Facebook, Microsoft, Twitter, YouTube collaborate to curb 'terrorist content'

The tech giants have agreed to create a shared database of hashes for violent terrorist imagery -- or terrorist recruitment videos and images.
Written by Stephanie Condon, Senior Writer

Facebook, Microsoft, Twitter and YouTube are working together to curb the spread of terrorist content, the tech giants announced Monday.

Specifically, they've promised to build a shared database of hashes (unique digital fingerprints) for violent terrorist imagery, or terrorist recruitment videos and images, which have been removed from their services.

"We hope this collaboration will lead to greater efficiency as we continue to enforce our policies to help curb the pressing global issue of terrorist content online," said the companies in a joint blog post.

Each company will apply its own policies and definitions of terrorist content when deciding what to remove from its platform -- no content will be automatically removed after it's added to the database. Similarly, each company will use its own policies to determine what content to share to the database. The companies will, however, share best practices.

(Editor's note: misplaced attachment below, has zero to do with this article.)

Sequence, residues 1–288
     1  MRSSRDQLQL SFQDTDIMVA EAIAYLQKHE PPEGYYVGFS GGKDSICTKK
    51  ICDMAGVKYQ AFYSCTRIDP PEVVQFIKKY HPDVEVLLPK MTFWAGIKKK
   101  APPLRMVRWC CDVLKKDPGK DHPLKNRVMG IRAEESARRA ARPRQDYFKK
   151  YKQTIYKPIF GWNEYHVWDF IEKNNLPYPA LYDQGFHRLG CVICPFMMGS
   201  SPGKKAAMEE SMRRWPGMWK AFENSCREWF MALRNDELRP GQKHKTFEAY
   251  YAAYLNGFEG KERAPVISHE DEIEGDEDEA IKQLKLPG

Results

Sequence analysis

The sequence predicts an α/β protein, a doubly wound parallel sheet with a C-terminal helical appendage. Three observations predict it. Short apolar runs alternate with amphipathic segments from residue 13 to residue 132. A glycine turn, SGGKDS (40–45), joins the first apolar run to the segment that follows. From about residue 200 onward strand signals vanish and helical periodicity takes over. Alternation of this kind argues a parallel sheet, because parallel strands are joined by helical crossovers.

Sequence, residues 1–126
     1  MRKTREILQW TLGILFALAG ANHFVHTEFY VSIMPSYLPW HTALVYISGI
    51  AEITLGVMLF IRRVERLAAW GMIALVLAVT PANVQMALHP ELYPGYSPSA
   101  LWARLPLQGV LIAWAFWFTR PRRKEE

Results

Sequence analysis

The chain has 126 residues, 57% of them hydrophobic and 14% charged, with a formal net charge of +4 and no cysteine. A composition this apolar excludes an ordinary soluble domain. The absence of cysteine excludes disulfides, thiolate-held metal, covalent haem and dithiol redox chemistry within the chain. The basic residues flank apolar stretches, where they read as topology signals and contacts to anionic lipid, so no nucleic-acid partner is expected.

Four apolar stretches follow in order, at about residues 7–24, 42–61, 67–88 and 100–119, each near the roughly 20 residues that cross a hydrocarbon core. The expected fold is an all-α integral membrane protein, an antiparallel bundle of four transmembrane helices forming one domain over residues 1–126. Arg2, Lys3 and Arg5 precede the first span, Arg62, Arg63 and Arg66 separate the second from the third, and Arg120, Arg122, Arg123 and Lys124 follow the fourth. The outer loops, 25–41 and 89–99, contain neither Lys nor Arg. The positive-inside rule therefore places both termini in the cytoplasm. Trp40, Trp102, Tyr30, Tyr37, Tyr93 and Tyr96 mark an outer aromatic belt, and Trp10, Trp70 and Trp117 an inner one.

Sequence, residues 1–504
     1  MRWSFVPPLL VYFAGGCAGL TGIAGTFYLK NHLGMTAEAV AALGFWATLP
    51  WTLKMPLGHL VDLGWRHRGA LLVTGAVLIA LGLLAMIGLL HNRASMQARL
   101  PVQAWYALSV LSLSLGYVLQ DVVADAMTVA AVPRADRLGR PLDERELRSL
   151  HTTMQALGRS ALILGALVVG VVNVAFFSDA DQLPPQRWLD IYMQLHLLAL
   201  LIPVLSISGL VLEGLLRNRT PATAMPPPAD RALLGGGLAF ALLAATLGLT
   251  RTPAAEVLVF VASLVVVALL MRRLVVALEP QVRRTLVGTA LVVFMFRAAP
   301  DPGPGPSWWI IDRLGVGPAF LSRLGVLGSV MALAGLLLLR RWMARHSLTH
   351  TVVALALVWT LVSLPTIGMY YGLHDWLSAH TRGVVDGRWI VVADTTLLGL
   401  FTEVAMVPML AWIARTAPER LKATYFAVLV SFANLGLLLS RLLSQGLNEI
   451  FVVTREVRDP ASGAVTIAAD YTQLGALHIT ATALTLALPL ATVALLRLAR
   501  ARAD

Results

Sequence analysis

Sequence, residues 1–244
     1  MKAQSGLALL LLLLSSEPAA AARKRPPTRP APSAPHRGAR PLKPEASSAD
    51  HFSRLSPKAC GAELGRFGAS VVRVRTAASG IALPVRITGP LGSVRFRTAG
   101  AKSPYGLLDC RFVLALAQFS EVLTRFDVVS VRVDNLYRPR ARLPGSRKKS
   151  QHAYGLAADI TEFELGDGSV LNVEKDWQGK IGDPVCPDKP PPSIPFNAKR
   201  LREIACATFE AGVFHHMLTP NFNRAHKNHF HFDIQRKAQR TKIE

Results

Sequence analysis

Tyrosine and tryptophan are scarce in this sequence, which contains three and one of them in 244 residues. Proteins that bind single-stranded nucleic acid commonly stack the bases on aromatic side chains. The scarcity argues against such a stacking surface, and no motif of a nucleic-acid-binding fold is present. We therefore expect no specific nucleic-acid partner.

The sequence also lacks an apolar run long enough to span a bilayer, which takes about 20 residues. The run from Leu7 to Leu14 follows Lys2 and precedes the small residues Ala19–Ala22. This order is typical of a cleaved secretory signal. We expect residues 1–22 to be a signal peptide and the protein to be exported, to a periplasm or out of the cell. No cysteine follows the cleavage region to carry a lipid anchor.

The blog post said no personally identifiable information will be shared.

"Throughout this collaboration, we are committed to protecting our users' privacy and their ability to express themselves freely and safely on our platforms," the blog post said. "We also seek to engage with the wider community of interested stakeholders in a transparent, thoughtful and responsible way as we further our shared objective to prevent the spread of terrorist content online while respecting human rights."

The US and other governments have tried for some time to counter extremist messaging online, but the platforms themselves have come under fire for hosting the content. In January, a Florida woman sued Twitter after her husband was killed in a terrorist attack in Jordan, charging that the social media site knowingly let ISIS use its platform to build its organization. The lawsuit was later dismissed.

Meanwhile, the social media giants have made similar efforts to curb harmful content: in May, Microsoft, Google, Twitter, and Facebook agreed to abide by a European code of conduct that required them to tackle hate speech and terrorist propaganda.

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